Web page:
POLITICAL beliefs are complex aren’t they.
I grew up in inner city Birmingham in an Irish family with two Irish immigrant parents.
Those people, that city, that Irish community, those years, formed my beliefs.
I am unashamedly of the left. I think society could be organised in such a way that it is a lot fairer, a lot more humane, a lot more just.
I’ve also been around long enough to know that, while my ideals remain, there are problems with my own political ideology.
The distortions of left wing beliefs by Stalin and Mao created mass murder. Principles can quickly become poison.
Further, anyone who has had any experience of left wing politics knows that the sectarian left hates other people on the left more than it hates anything else.
I’m an adult. I can recognise all of that.
I’ll always be a socialist but I’ll always know some on my political spectrum have views that are not exactly admirable.
Take the likes of Claire Fox, born in Britain like me, of Irish parents.
She too, ostensibly, had left wing beliefs, though hers took her as far as the Revolutionary Communist Party.
Since those days she has travelled to the Brexit Party and been nominated to the House of Lords by Boris Johnson.
Back in the day, though, her left wing grouping openly sought to justify the IRA Warrington bombings that killed two children, a 12-year-old and a three-year-old.
I’ve never heard any Irish person ever justify the deaths of those two children. Not one. Ever.
At the time Claire Fox did so she was 33 years old. So, with the foolishness of youth ruled out, I’m struggling to think what her excuse for such poisonous views might have been. Like I say, there is nothing to be admired there.
On the roads and byways around where I’m writing this there are a number of Covid-19 information boards.
An increasing number of these have been defaced with slogans such as ‘Hoax’ or ‘Lies’ or anti-mask graffiti.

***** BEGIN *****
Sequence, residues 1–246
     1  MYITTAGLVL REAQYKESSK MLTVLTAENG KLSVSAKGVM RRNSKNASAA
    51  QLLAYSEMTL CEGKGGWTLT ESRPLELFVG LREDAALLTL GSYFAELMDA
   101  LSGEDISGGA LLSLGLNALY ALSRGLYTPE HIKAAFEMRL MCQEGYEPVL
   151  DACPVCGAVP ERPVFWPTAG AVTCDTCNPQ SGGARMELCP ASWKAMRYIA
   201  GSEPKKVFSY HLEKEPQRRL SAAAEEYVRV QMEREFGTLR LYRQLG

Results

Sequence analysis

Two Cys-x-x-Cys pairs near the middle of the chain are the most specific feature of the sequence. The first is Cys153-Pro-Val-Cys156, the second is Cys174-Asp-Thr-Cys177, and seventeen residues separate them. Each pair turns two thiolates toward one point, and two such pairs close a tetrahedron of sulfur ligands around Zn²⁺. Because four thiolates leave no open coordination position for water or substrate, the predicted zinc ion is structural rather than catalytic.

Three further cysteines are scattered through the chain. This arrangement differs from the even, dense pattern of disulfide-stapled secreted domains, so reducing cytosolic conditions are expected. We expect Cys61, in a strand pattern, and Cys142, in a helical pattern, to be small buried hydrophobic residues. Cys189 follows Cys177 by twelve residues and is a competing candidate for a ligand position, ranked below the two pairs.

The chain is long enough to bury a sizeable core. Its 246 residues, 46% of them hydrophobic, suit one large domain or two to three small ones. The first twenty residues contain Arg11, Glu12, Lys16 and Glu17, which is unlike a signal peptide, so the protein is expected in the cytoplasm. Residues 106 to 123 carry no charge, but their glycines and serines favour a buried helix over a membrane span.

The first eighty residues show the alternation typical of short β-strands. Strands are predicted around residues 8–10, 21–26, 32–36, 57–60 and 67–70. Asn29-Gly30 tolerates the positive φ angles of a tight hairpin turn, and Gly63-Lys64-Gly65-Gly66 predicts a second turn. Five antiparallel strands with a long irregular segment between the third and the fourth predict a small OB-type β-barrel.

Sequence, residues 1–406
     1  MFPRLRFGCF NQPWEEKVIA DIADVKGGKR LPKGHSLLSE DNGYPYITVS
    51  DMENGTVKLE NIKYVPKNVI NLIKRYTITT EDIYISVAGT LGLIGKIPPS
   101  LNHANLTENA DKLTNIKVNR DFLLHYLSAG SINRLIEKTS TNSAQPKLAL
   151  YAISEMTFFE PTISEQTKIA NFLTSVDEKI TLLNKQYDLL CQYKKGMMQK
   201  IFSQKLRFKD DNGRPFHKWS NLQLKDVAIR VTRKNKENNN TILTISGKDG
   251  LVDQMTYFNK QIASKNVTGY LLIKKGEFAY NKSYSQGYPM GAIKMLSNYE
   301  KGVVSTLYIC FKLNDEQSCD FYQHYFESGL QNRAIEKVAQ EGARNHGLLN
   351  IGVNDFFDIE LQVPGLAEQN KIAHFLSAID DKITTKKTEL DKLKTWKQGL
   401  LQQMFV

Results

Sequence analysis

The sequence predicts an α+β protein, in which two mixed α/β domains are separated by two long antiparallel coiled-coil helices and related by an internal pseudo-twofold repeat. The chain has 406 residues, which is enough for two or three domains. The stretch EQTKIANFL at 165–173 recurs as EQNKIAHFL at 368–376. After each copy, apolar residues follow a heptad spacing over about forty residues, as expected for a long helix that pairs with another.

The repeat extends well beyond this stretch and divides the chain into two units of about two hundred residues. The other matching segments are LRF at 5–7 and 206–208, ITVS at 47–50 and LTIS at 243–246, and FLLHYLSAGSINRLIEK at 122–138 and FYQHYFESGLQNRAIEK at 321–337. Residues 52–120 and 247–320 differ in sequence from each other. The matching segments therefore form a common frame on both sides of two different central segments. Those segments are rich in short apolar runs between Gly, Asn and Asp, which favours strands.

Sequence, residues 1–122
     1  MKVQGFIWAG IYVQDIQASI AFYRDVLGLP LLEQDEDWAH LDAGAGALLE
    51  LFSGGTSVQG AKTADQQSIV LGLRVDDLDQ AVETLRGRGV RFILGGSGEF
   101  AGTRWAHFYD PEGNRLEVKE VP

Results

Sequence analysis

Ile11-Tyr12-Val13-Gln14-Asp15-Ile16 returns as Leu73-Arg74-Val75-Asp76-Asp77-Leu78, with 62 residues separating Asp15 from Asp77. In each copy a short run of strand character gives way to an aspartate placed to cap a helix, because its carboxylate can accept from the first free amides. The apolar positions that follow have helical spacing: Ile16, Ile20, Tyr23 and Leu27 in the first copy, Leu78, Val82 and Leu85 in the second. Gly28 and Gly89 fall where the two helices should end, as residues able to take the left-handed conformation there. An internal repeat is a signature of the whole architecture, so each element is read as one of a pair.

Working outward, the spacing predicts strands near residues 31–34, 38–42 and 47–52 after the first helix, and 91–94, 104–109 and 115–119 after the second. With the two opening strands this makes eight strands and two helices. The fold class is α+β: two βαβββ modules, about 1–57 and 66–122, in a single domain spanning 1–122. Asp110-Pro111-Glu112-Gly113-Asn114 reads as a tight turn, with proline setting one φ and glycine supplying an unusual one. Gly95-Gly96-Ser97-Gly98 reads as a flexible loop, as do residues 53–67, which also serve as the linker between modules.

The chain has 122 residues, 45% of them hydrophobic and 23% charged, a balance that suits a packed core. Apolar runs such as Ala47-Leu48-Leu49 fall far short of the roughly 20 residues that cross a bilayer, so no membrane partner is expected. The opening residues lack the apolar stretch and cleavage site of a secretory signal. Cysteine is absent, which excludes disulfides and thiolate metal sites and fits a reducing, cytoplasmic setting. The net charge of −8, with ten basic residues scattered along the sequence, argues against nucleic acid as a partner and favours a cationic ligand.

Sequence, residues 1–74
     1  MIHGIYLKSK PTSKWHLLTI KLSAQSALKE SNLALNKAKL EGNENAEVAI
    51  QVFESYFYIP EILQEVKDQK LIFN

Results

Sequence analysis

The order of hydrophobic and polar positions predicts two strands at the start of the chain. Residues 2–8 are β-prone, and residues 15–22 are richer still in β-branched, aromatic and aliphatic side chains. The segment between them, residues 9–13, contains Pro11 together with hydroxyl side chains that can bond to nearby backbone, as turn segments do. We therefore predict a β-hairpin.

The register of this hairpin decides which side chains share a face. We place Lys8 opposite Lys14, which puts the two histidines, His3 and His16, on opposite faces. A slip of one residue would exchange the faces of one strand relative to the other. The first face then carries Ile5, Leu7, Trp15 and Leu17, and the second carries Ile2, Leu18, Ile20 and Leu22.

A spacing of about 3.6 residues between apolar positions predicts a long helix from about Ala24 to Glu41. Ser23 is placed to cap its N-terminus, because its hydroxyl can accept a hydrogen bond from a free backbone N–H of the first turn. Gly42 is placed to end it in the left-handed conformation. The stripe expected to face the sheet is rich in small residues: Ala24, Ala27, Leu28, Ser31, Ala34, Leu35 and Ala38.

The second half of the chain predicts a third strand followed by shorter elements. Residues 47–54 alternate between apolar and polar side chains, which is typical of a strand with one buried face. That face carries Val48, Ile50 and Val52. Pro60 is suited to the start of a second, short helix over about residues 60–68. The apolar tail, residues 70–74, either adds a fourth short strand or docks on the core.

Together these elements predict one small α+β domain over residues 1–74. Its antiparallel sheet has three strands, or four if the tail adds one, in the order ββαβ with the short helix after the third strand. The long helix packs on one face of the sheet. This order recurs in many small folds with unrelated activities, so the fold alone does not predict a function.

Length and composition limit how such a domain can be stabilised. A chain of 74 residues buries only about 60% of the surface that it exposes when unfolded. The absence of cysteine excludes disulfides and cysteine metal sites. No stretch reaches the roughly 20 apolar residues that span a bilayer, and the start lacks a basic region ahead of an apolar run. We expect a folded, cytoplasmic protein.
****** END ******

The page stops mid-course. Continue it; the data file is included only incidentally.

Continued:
Some of this can be attributed to people I’ve already discussed in this column, those who believe in conspiracies and wave Tricolours outside courtrooms.
Some of this Covid-19 politics is theirs. But not all. For there is another group inside this umbrella who are lazily flirting with the extreme right even if they don’t admit it.
Amongst this group, who might like to be called alternative Irish, with their emphasis on non-mainstream therapies, the dangers of fluoride in water, chemtrails in the sky, and any number of specific diets, there is a growing cohort of anti-mask activists.
Now, as I said about my own beliefs, you need, as a fully independent adult, to be able to acknowledge where your beliefs are coming from.
If you find your beliefs are coming from a hotchpotch of conspiracy theories, some of them embedded in anti-Semitic roots, from rallies addressed by members of far right parties, from the politics of extreme nationalists, from beliefs shared by anti-immigrant politicians and racists, you need to admit that.
You need to question that. Or admit that you share it.
White dreadlocks or a bandana don’t give you a political free-pass. Because you are an adult and you want to be treated like one.
If, instead, your anti-mask beliefs and undermining of public health advice, which I presume you accept when it comes to wearing a seatbelt or the dangers of drink driving or the detrimental effects of smoking or the perils of Radon gas, come from the fact you’ve just had enough, well, haven’t we all?
I’ll come clean to all of you anti-mask people, and not on my high horse of being a health worker in the Irish health system, but simply as a fellow adult.
I don’t think the utterly overwhelming majority of the world’s doctors are lying to me about Covid-19 and I don’t think they are mistaken.
I don’t like wearing a mask but then I don’t like getting up really early for a shift or not having that just-one-last-pint.
But I’m an adult and sometimes I just have to do what that entails.
And when it comes to my politics I know its failings and I can still defend my beliefs.